Is it possible for your eyes to get sunburned? Yes—and we’re referring to the cornea of the eye. The cornea is the clear tissue that covers the iris to protect the inner structure of the eye. Because the cells in the cornea behave like skin cells, they suffer the same fate—sunburn is a great possibility, especially if your eyes are exposed to bright light sources.
Radiation from the sun in the form of UV rays can inflict harm not only the skin causing photo-aging, age spots, wrinkles and even skin cancer, it can also harm your eyes. Two main types of UV rays—UV-A and UV-B are notorious culprits. UV-A rays can harm your central vision and damage the macula (the part of the retina at the back of your eye). UV-B rays with longer wavelengths can actually cause even more harm and is responsible for cornea sunburn.
If you’re looking for a technical term, the word is photokeratitis. Any prolonged exposure to sunlight (anytime from 3 to 12 hours) can do that. UV-rays reflecting off bright surfaces such as bodies of water, snow, sand or bright surfaces can also cause cornea sunburn. However radiation is not just limited to the sun. Other examples include powerful light sources such as the photographer’s flood lamp, the sun lamp in the tanning booth, the halogen lamp or even the welder’s arc.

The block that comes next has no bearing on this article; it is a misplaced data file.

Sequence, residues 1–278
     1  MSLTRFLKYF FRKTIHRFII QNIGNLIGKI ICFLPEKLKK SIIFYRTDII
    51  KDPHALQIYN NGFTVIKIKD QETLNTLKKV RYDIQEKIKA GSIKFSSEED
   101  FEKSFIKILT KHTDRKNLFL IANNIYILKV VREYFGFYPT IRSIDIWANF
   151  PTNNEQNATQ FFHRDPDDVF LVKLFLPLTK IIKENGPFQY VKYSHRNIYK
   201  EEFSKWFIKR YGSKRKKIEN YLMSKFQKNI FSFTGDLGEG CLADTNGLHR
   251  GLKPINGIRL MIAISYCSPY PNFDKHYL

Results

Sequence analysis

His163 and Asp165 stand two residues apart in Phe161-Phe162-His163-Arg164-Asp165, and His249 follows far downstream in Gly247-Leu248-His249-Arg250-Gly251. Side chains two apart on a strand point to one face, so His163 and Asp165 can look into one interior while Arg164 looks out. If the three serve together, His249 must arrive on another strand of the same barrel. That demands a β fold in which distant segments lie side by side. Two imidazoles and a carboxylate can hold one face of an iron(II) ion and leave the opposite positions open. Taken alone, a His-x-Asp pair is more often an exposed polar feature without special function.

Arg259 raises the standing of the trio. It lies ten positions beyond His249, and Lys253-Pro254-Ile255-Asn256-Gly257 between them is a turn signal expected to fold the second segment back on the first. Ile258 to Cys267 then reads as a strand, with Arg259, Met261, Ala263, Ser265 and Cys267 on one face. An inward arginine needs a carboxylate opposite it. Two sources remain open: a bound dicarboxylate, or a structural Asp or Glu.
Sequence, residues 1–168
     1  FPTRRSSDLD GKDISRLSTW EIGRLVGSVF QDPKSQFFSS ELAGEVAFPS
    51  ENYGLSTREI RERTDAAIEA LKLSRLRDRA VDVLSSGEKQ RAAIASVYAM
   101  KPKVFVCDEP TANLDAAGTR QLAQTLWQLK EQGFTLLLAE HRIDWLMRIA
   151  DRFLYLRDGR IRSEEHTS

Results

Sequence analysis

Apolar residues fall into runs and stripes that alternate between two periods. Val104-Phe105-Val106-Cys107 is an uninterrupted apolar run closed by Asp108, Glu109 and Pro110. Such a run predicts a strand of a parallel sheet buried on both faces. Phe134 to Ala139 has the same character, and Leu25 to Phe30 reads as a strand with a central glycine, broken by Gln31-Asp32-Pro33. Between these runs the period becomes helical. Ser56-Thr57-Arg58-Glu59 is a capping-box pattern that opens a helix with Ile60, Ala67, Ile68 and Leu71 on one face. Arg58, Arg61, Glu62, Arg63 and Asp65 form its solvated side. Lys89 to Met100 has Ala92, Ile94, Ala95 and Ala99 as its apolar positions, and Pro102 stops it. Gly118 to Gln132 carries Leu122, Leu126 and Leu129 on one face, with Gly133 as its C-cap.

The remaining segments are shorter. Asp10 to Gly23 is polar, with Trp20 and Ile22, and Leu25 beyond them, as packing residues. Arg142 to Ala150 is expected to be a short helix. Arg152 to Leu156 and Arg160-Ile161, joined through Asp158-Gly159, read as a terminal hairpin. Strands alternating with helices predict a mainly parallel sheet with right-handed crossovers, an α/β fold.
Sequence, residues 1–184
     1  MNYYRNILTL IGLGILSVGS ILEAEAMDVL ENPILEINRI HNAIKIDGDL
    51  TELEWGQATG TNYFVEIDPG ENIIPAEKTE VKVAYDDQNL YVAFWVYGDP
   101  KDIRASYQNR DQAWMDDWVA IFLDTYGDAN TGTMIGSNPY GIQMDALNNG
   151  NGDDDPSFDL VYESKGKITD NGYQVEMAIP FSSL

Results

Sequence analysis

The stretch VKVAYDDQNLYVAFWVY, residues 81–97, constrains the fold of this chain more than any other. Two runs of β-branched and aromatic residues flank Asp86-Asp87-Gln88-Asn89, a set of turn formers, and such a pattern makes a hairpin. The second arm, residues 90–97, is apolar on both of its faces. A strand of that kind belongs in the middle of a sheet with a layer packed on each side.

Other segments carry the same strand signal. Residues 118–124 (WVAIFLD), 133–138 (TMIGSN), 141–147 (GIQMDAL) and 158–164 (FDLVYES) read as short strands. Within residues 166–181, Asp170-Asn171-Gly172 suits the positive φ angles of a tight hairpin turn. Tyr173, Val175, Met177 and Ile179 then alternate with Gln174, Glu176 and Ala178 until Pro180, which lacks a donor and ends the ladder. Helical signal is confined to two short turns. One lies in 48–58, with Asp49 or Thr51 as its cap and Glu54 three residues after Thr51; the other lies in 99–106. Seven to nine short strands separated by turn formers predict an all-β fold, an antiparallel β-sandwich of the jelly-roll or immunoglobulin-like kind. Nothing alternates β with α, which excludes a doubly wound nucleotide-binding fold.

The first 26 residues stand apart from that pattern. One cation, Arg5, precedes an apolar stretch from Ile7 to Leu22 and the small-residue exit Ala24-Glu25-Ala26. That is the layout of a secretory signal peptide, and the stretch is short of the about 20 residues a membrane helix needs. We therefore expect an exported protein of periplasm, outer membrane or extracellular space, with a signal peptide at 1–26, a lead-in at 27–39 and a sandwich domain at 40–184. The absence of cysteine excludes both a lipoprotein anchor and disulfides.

Symptoms can be mild or severe. Tell-tale signs include pain in the eyes, light sensitivity, tearing, blurry vision or bloodshot eyes. In severe cases, especially prolonged exposure to bright reflecting surfaces such as snow, temporary blindness can set in for a day or two.
Although you can’t lather sunscr
According to the American Optometric Association, it is highly advisable and downright smart to don protective eyewear, whenever you’re out and about, even on cloudy days. Look for sunglasses or contact lenses that offer 99 to 100 percent UV protection and cut off 75 to 90 percent of visible light.
The effort is minimal. You may even look stylish in trendy sunglasses and you can definitely save yourself some eye-grief in the long run. Cornea sunburn can lead to cataracts, macular degeneration, tumors and formation of Pinguecula (unsightly yellow bumps on white of the eye.
If you’re looking for a pair of protective sunglasses, read this: Protective UV Sunglasses: How to Choose a Good Pair